Walmart Files Patent for Eavesdropping Tech


If you don’t want your personal data tracked, it’s no longer enough to just “go off the grid.” More and more, we’ve become aware that just because you might take steps to limit your data’s exposure to online forces like social media, it doesn’t mean you’re not being observed.

Recently, Facebook filed a super-creepy patent application that details technology that can enable your smartphone’s microphone and record your conversations. Yes, this is real.

And major sporting venues are increasingly implementing facial recognition technology into digital boards as a “security measure” that watches attendees as they stream through the gates.

Now Buzzfeed has published an article identifying Walmart’s latest patent application and both workers and customers might find it a bit intrusive.

It seems America’s #1 employer is looking for ways to improve the efficiency of its retail workers by capturing performance metrics through audio surveillance.

As detailed in the patent application, the technology might work like this: a series of sensors would be positioned at cash registers, allowing them to pick up sounds to help determine things like bagging efficiency and the length of lines. But it will also be able to capture the conversations of the those working the registers, something Walmart says could help them determine whether certain scripts are being used and if workers are successful in facilitating “guest satisfaction.”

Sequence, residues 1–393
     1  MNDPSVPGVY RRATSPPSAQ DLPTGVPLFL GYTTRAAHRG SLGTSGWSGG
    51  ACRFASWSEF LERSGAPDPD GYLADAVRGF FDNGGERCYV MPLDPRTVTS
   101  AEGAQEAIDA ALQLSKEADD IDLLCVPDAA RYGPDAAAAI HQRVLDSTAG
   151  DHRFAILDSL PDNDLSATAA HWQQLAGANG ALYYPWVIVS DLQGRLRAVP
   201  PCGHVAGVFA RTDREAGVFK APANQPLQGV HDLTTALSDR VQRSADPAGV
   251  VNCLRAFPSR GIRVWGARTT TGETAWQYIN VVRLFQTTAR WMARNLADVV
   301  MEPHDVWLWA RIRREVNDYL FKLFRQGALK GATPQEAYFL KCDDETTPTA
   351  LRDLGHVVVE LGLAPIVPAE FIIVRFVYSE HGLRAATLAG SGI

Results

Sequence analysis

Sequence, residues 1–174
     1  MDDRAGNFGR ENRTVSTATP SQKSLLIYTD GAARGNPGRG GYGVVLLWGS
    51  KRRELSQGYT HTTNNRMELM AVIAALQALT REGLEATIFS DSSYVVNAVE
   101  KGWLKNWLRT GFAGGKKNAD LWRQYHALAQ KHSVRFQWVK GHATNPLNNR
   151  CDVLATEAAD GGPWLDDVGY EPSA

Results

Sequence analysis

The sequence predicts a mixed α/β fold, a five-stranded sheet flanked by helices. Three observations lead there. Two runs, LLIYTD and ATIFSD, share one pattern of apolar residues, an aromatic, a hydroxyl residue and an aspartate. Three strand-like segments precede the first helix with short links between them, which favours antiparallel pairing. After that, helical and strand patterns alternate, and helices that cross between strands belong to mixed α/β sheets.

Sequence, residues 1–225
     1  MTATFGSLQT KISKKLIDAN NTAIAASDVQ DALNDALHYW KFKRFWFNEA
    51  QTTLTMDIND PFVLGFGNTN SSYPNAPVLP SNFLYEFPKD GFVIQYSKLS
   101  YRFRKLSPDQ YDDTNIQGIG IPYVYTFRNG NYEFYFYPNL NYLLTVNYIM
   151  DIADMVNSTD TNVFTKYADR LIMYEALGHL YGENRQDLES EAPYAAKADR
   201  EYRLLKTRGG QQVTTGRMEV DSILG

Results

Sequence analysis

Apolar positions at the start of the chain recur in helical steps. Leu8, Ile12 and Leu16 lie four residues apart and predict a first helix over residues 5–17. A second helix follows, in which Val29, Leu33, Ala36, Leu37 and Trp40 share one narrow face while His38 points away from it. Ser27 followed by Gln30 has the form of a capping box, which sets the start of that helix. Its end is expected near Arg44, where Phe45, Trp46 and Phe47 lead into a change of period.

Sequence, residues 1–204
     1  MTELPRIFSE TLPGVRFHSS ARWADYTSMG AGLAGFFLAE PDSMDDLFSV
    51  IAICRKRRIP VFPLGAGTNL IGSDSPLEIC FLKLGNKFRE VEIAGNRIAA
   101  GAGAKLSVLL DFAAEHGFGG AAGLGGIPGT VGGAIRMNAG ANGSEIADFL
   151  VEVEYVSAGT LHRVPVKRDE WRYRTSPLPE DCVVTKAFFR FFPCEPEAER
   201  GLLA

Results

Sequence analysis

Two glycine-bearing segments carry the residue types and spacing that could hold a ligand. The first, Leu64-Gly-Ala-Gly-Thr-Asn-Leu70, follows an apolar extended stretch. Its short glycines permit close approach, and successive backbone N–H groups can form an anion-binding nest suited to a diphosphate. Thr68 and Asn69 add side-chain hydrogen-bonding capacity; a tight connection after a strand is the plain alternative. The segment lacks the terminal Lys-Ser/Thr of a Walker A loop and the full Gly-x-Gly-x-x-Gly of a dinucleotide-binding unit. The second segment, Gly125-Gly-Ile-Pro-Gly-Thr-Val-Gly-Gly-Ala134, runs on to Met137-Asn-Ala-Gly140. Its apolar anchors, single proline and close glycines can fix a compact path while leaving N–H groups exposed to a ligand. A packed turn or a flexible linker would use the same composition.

And the scary part is, experts say that there’s no law out there preventing it – though most call centers who record phone conversations tell you about it up front. Whether Walmart would post this information to customers is up in the air, but the employees would almost certainly know – and that’s probably not a good thing, one labor export told Buzzfeed.

Ifeoma Ajunwa of Cornell’s Industrial and Labor Relations School said the psychological impact of this type of surveillance could result in workers viewing their employers are dictators, actually leading to more employee resistance. She also said that “excess surveillance” can cause workers to move more slowly and work less creatively when they’re conscious of being observed.

At this point, we have no way of knowing whether this is technology Walmart truly wishes to pursue, or if the company is merely attempting to put a lock on the approach to prevent competitors from using it. But one thing is for certain – as Walmart and Amazon battle it out to be the #1 go-to source for everything under the sun, they’re both under an extreme amount of pressure to be as automated and efficient as possible.

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